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Fanspeak: The Brief Origins Of Fanfiction

23 July 2015, 1:14 pm EDT By J.E. Reich Tech Times
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Thought that fanfiction was only for message boards and websites? Think again - it's been around since humans began telling stories in the first place.  ( Contact )

If you were to say that Fifty Shades of Grey author E.L. James almost ruined fanfiction for everyone, you wouldn't be entirely wrong.

By now, the British author's origin story is notorious: a London-based former television executive, James penned the BDSM-themed trilogy as a self-described act of "midlife crisis." Its first incarnation, a serialized Twilight-based fanfic published on FanFiction.net, titled Masters of the Universe (then penned under James' username Snowqueens Icedragon), was later adapted into the now-unavoidable bona fide franchise we know and love (or alternately loathe).

James' personal success story also has its byproducts: it became the de facto touchstone of fanfiction going mainstream. In short: if you didn't know what fanfiction was before, there was no way you could ignore it now.

But where exactly did the tradition of fanfic start? How long has it been around? And most importantly, what makes something fanfiction in the first place?

A brief and general primer for the uninitiated: fanfiction (stylized as one word, often abbreviated as "fanfic" or simply "fic") is amateur narrative writing based on already-existent novels, movies, television shows, and even IRL celebrities and public personas. In a piece published by New York Magazine this past March, journalist Laura Miller condensed the development of fanfiction as a movement that sprung from fanzine culture:

"...fanfiction as we now know it began back in the days of Star Trek fanzines, on whose mimeographed pages female Trekkers wrote of Mr. Spock swooning in the arms of an ardent Captain Kirk. For decades, fanfiction communities – soon to migrate en masse to the web – functioned as a subset of science-fiction and fantasy fandom, where they were treated, by the mostly male nerds who ran things, like a younger sister best banished to her room whenever company came by. The internet changed all that by ushering in the era of the networked fan, often a girl who sampled her first taste of fic in Harry Potter fandom."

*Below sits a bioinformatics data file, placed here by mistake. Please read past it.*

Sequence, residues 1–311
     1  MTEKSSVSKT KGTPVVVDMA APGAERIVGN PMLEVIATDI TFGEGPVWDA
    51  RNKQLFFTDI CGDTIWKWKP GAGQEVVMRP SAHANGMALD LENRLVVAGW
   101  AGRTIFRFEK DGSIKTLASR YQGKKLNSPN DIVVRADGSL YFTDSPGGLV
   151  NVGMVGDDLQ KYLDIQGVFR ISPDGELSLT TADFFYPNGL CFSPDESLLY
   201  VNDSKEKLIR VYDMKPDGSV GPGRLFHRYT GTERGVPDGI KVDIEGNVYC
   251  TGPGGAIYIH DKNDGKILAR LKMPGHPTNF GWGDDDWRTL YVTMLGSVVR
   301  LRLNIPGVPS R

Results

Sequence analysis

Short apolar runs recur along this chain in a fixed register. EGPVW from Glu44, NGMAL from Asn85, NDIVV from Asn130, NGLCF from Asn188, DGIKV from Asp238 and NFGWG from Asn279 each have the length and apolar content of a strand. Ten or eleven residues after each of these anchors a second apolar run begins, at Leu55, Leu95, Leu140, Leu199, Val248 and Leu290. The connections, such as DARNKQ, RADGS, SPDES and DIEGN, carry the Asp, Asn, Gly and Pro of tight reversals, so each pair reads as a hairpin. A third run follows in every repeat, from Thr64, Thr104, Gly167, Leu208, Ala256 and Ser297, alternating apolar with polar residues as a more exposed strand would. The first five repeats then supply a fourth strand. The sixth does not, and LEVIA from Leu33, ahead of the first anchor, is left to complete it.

While Miller's analysis is accurate, it doesn't provide the full picture. But then again, fanfiction's point of origin is almost impossible to precisely tack.

Laying out the history of fanfiction is a difficult undertaking, due to the archival aspects of the timeline, which, like the art and form of fanfic itself, is subterranean by nature. While there has been a recent uptick in features tracing the trends associated with the dawn of fanfiction, there are few academically recognized fic resources.

Even if fanfiction didn't exist in name before the early 20th century – we'll get to that later – it most certainly existed in practice. There are those who argue that fanfics brought forth some our best-known institutional works of literature, like the Homeric epics (which were based off an interpretive, non-canonical oral tradition) and Shakespeare's plays (almost all of which were sourced from earlier forms of literature, including the writings of Plutarch and Herodotus).